Russula nobilis Velen., 1920
Syn. : Russula mairei Sing, 1929; Russula fageticola (Melzer) Lundell, 1956
Common names: Beechwood sickener, Beechwood Brittlegill [En], Russule du hêtre, Russule émétique des hêtres, Russule noble [Fr], Stevige braakrussula [Nl], Buchen-Spei-Täubling [De]
Tervuren, BRABANT ● Belgium
Taxonomy: Formely R. mairei and R. fageticola has been recently re-classified as synonym of R. nobilis.
Description: The cap is red, 3.5–8.5 cm wide, convex to flat, or slightly depressed, and weakly sticky. It peels only to a third of its radius, which reveals pinkish flesh. It is often damaged by slugs. The stem is (3.5)5–9 cm long, (0.7)1–2.5 cm wide, cylindrical, (firmer than its conifer dwelling namesake, Russula emetica), and white. The gills are narrowly spaced, adnexed, rounded, and white, often with a faint blue-green sheen. The spore print is white.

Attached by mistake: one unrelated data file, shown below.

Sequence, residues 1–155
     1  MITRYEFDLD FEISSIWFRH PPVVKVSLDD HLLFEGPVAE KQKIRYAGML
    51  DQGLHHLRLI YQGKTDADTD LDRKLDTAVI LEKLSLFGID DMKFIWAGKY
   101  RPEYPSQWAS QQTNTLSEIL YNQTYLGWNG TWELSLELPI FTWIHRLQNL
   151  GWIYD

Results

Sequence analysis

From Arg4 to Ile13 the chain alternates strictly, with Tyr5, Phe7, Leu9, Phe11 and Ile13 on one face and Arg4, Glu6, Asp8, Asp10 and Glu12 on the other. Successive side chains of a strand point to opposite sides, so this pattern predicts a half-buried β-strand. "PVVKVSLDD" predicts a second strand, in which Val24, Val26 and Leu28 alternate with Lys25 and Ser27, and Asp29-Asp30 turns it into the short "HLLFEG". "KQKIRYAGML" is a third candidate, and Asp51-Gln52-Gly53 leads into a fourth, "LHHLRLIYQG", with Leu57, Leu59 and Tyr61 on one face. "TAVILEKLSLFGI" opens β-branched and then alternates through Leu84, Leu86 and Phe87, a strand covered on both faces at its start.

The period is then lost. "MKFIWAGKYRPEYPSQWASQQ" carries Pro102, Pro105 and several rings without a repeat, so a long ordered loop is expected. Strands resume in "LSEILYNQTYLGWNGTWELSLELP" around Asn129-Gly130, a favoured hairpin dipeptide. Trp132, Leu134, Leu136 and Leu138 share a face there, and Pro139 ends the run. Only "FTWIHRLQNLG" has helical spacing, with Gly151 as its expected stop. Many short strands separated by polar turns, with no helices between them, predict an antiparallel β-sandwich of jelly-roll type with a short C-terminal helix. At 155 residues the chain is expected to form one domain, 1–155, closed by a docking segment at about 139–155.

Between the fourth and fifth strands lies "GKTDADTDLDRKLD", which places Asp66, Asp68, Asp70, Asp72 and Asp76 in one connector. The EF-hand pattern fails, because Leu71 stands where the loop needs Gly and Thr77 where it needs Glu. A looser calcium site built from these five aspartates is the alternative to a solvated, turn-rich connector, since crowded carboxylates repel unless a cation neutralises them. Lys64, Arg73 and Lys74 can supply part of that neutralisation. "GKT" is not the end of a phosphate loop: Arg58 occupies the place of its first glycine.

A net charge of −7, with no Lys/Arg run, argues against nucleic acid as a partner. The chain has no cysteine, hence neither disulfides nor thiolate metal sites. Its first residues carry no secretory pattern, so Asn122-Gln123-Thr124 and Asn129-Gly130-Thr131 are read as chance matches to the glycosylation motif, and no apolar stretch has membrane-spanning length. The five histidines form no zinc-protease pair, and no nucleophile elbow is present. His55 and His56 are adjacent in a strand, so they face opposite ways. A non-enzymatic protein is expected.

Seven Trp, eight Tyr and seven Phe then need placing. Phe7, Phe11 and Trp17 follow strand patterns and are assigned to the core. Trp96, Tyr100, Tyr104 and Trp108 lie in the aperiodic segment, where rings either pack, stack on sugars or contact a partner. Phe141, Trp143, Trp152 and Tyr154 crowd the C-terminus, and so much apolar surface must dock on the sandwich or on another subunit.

Biology: Can be seen from July to October.
Habitat: The species is mycorrhizal with beech (Fagus) in woodland areas.
Caution: Inedible species.
Wikipedia, Russula nobilis